Today in Germany: A round-up of what’s happening on Wednesday

From the aftermath of the Trier tragedy to the worsening Covid-19 situation in Saxony and a proposed 'Querdenker' protest, here's what's happening in Germany on Wednesday.

Today in Germany: A round-up of what's happening on Wednesday
People laying tributes in Trier after five people, including a baby, were killed when an SUV was driven into a pedestrian area. Photo: DPA

Call for hotels and restaurants to reopen fully next month

Hotels and restaurants should reopen in January, according to the German Association of Towns and Municipalities.

Managing Director Gerd Landsberg told the Rheinische Post: “The closure of restaurants and hotels beyond the end of the year will be difficult to maintain for economic reasons alone.” He said this was because it “will simply be too expensive for the state” to provide aid.

Restaurants, bars, hotels and cafes have been shut since November 2nd. Exceptions include to serve takeaway food and drink, and hotels are allowed to let people stay if they are travelling for essential reasons such as business.

Landsberg said he expected the catering industry to reopen slowly from January onwards. Switzerland could serve as a model, he suggested. “There, the restaurants did not have to close fully, but instead at 9pm,” he said.

Meanwhile, Landsberg urged Economy Minister Peter Altmaier to allow retailers to open more often on Sundays.

The shops in city centres “are increasingly in crisis and can hardly hold their own against online shops that are open 24 hours a day, seven days a week”, he told “Handelsblatt”: “It is right and important to allow additional 'open Sundays', at least in this crisis situation.”

Trier pays respect to victims of car crash

People in the German city of Trier have been laying flowers, candles and teddies at the scene where five people were killed, including a baby, after a man drove a large SUV into a pedestrian area.

Prosecutor Peter Fritzen said the driver, a 51-year-old Trier native, appeared to be suffering from “psychiatric problems” and had been under the influence of alcohol while at the wheel of his silver SUV.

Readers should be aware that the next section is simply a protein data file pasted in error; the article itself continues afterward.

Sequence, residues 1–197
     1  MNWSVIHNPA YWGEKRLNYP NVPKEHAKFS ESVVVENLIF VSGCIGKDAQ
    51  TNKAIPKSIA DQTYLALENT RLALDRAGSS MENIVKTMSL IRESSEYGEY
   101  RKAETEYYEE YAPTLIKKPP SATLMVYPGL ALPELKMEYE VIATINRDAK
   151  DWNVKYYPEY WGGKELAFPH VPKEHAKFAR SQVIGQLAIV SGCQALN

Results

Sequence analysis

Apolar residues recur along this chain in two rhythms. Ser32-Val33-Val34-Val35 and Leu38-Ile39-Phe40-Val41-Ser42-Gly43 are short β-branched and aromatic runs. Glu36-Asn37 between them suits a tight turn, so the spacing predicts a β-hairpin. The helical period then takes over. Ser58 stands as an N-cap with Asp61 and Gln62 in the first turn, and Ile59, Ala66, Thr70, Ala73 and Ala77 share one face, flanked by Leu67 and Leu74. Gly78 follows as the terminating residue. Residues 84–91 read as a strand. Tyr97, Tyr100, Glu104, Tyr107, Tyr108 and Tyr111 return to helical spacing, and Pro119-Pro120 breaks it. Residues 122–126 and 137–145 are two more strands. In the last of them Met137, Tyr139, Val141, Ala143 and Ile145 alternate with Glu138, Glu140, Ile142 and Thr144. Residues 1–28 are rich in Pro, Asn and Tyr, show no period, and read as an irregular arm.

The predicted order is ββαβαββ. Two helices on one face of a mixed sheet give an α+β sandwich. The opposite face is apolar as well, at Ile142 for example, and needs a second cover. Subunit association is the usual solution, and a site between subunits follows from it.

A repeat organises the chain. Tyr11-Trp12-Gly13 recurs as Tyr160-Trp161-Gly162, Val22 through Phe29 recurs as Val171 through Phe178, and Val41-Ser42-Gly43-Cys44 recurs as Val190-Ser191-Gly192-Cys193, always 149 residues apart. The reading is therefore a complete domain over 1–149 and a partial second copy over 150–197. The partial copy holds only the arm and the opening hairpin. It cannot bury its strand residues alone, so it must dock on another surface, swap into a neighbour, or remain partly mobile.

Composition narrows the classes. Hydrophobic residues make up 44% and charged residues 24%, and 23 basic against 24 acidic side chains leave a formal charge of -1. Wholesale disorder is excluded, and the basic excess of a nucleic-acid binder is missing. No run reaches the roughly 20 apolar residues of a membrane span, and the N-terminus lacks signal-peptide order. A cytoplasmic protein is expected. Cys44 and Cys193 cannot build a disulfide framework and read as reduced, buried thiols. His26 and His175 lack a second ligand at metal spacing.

Hundreds of people gathered at Porta Nigra, Trier's Roman landmark, on Wednesday morning to pay their respects.

Malu Dreyer, state premier of Rhineland-Palatinate called it a “sad day”.

“My voice is failing me, thinking about the mother who has lost her child and her husband,” she said. “Never again will she hear their laughter, their voices. She will be burdened by the consequences of these four deadly minutes for the rest of her life.”

READ ALSO: Baby among the victims after car drives into shoppers in Trier

Some of the tributes in Trier. Photo: DPA

Coronavirus situation worsening in Saxony

As of Wednesday, tightened coronavirus measures apply in Saxony – almost throughout the entire federal state.

That's because several districts have extremely high incidence rates of Covid-19, including Bautzen and the Erzebirgkreiz, which both have more than 400 cases per 100,000 residents in seven days.

In most districts, leaving home is now only permitted for essential reasons.

According to broadcaster MDR, the stricter regulations will not apply in Dresden for the time being, because the incidence has not yet exceeded the threshold of 200 within five days.

But Saxony's premier Michael Kretschmer says there will be even tougher lockdown measures in the state if the coronavirus infection figures do not come down by Christmas.

He said if the situation doesn't improve, schools will have to remain closed after the festive holidays and shops may have to shut, too, reported NTV.

Kretschmer hopes the measures taken so far are sufficient. “It depends very much on all of us sticking to the measures, because the alternative would be a complete lockdown and a real curfew,” he said. “We want to prevent that at all costs.”

At over 200, Saxony currently has the highest rate of new infections within seven days per 100,000 inhabitants out of all German states. on December 1st, 1,576 new cases within 24 hours were reported in the state.

READ ALSO: 'Avoid travel and venitlate rooms': Eight rules Germany wants you to follow to bring Covid-19 numbers down

'Querdenker' group plans New Year's Eve protest

The conspiracy-theorist “Querdenker” (lateral thinker) movement is planning a large demonstration on New Year's Eve in Berlin.

According to demo organiser Michael Ballweg, 22,500 participants have registered for the event, which is scheduled to take place on the afternoon of December 31st near Brandenburg Gate.

Berlin's New Year's Eve celebrations at the Brandenburg Gate have been cancelled due to the pandemic. A concert without spectators is planned to be broadcast online.

People at the protest against coronavirus measures in Berlin in November. Photo: DPA

Berlin police confirmed that the Querdenken group had registered a demonstration called “Berlin invites Europe – Festival for Freedom and Peace II”.

Police said they were in talks with the organisation about the demo but no concrete decisions had been made.

A recent anti-coronavirus measures rally in Berlins saw police use water canons to disperse protesters who were flouting rules by not wearing masks or keeping distance.